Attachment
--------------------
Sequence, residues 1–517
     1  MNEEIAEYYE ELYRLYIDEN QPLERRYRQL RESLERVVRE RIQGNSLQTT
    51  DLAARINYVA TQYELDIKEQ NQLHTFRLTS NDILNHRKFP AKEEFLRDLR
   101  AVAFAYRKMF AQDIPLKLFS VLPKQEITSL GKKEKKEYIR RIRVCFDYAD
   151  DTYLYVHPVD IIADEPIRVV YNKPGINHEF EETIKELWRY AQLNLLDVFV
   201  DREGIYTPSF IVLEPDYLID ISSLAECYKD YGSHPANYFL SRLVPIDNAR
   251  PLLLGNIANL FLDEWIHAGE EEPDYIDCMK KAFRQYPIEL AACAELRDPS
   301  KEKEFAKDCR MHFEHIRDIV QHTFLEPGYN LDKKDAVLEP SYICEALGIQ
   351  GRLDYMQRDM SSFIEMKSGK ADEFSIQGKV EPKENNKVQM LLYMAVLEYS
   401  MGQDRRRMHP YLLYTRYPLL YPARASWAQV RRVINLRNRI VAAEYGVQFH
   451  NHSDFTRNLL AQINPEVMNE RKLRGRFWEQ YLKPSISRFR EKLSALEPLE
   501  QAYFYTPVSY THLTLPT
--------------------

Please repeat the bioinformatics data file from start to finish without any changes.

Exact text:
Sequence, residues 1–517
     1  MNEEIAEYYE ELYRLYIDEN QPLERRYRQL RESLERVVRE RIQGNSLQTT
    51  DLAARINYVA TQYELDIKEQ NQLHTFRLTS NDILNHRKFP AKEEFLRDLR
   101  AVAFAYRKMF AQDIPLKLFS VLPKQEITSL GKKEKKEYIR RIRVCFDYAD
   151  DTYLYVHPVD IIADEPIRVV YNKPGINHEF EETIKELWRY AQLNLLDVFV
   201  DREGIYTPSF IVLEPDYLID ISSLAECYKD YGSHPANYFL SRLVPIDNAR
   251  PLLLGNIANL FLDEWIHAGE EEPDYIDCMK KAFRQYPIEL AACAELRDPS
   301  KEKEFAKDCR MHFEHIRDIV QHTFLEPGYN LDKKDAVLEP SYICEALGIQ
   351  GRLDYMQRDM SSFIEMKSGK ADEFSIQGKV EPKENNKVQM LLYMAVLEYS
   401  MGQDRRRMHP YLLYTRYPLL YPARASWAQV RRVINLRNRI VAAEYGVQFH
   451  NHSDFTRNLL AQINPEVMNE RKLRGRFWEQ YLKPSISRFR EKLSALEPLE
   501  QAYFYTPVSY THLTLPT